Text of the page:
Friday, January 04, 2008

Biodel Announces Manufacturing Plans for VIAject™

Wow, that was quick! In my my 2007 Wrap-Up and Outlook for 2008, I mentioned a few outstanding items that hadn't been answered. Specifically, I mentioned Biodel, Inc. and noted that the company hadn't stated how it planned to manufacture its rapid-acting insulin formulation -- whether they would form a marketing partnership with another manufacturer, use contract manufacturing from a third-party, or go it alone.

Today, Biodel issued a press release which was primarily focused on the fact that the company had completed enrollment of its two pivotal Phase III clinical trials of VIAject (one for patients with type 1 diabetes, and another for patients with type 2 diabetes). That is certainly news that the company is adhering to its development timeline as disclosed in their most recent quarterly earnings release. But also included in that release was the answer to that question I raised. Specifically, I noted "Although the company has not stated whether it will seek a marketing partner ... upon conclusion of VIAject's Phase III clinical trials in the U.S. and Europe, the company will soon need to address this critical question". As of this afternoon, we now have an answer to that question.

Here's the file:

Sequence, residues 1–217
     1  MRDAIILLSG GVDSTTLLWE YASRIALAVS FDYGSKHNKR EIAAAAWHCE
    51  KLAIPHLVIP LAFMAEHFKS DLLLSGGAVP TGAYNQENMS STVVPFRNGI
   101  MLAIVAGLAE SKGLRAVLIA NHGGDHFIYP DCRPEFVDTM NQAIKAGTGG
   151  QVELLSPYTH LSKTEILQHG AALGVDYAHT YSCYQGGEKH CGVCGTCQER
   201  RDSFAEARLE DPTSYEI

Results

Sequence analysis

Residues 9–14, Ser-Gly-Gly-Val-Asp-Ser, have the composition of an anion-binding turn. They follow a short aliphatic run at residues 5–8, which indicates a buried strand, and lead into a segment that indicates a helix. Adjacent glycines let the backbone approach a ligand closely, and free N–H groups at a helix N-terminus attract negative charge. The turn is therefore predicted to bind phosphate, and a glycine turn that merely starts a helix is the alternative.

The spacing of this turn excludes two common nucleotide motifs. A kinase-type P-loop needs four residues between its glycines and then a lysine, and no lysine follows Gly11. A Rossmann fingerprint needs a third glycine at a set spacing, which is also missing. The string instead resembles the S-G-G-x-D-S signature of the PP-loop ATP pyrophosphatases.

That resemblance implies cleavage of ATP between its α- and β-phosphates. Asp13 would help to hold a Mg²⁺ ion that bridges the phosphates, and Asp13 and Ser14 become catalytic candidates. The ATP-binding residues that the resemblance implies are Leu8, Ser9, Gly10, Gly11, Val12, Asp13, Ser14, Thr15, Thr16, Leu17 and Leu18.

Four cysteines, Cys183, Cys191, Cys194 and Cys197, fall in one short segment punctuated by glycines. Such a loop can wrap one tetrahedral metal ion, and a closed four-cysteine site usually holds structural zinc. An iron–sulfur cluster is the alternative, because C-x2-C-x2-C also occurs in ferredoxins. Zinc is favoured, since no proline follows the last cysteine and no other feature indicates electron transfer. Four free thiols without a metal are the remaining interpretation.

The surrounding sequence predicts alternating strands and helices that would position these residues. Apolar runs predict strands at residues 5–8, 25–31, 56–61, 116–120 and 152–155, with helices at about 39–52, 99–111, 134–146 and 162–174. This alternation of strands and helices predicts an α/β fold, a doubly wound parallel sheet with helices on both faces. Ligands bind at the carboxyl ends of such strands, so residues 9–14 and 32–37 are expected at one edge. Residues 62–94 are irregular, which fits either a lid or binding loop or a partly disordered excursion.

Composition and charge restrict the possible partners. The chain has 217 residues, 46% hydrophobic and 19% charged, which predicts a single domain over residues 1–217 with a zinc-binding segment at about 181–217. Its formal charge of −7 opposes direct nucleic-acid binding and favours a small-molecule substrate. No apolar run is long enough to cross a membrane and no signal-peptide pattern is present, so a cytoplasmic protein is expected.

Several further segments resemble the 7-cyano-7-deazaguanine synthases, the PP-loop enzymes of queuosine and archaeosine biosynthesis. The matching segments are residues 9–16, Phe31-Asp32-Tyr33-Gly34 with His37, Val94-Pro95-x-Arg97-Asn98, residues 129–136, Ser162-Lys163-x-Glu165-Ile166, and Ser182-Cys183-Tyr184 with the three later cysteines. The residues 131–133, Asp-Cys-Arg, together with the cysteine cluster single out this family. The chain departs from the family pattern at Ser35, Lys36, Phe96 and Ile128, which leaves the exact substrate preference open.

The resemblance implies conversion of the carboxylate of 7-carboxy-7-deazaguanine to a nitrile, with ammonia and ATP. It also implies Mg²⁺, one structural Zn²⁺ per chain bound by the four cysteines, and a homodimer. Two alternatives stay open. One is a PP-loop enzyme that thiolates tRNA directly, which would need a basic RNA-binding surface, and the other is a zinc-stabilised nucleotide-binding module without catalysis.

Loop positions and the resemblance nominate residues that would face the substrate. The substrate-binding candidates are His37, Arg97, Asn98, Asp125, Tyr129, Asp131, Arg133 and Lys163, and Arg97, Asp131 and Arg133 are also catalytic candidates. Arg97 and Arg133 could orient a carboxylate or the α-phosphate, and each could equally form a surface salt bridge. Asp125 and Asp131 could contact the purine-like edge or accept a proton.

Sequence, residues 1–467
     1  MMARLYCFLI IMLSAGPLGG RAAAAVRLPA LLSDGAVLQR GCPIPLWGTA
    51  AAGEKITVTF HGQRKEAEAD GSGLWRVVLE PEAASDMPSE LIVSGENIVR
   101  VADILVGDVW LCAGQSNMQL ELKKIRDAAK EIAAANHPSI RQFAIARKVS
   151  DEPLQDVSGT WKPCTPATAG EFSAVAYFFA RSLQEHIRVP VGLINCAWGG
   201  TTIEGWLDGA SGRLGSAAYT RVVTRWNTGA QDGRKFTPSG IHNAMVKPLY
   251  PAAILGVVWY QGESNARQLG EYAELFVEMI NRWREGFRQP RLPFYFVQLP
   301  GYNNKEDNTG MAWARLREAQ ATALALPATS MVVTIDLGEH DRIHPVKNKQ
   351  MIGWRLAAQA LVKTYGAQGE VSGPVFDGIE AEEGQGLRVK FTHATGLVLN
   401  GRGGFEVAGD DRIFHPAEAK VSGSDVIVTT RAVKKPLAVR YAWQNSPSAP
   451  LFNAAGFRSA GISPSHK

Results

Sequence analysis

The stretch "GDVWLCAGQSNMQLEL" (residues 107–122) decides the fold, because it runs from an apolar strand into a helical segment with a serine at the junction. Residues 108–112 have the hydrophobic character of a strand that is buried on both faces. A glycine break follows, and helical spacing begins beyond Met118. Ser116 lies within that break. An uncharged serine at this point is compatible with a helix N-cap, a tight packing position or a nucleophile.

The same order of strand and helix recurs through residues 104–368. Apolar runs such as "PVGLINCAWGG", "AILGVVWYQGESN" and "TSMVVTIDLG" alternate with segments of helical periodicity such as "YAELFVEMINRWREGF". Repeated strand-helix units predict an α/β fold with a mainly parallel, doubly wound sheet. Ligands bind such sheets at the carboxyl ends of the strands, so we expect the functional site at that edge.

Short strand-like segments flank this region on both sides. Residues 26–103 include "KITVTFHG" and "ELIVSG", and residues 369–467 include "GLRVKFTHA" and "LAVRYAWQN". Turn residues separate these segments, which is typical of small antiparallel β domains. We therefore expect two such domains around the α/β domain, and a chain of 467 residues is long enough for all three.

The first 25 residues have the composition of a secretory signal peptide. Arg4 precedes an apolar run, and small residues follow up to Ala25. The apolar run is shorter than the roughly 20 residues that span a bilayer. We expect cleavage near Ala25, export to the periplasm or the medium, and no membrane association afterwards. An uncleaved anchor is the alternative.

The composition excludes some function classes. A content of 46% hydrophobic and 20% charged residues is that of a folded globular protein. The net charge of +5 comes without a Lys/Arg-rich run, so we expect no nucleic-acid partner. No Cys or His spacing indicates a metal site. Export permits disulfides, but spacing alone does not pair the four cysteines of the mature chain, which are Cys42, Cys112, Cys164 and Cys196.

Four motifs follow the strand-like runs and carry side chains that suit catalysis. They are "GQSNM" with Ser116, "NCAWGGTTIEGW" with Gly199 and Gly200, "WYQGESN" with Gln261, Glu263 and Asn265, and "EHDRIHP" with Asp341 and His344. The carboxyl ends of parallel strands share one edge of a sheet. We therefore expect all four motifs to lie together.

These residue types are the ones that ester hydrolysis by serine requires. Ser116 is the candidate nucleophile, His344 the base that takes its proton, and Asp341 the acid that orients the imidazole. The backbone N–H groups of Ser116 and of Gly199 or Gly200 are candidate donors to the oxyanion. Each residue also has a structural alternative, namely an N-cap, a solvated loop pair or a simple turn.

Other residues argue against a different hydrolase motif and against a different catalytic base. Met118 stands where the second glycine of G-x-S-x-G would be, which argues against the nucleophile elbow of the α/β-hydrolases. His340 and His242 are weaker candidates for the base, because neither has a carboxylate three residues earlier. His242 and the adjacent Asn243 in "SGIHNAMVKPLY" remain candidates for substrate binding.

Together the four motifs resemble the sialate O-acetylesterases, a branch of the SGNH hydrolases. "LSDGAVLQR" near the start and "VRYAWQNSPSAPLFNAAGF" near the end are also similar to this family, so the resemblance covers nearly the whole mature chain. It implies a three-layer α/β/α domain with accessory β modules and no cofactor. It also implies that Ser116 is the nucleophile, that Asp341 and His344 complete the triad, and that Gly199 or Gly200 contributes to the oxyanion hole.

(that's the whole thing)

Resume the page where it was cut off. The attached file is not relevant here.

The answer is that Biodel will likely acquire synthetic human insulin in bulk from another party, then the company will then take that bulk insulin, add their patented ingredients (which enables VIAject to be absorbed as rapidly as insulin analogs do), bottle it or put it into pens and/or pen cartridges in their own "fill and finish" factory, add the required FDA inserts, and package it for distribution.

Here's an excerpt from their press release:

"The Company also announced its intention to build and operate a fill and finish manufacturing facility for VIAject™ on the campus of its current headquarters in Danbury, Connecticut which will be dedicated to manufacturing a full line of VIAject liquid formulations and presentations. The dedicated manufacturing facility will improve margins, provide superior quality control, and better inventory control. Biodel anticipates that the facility will cost under $15 million and will be available for commercial production in 2009."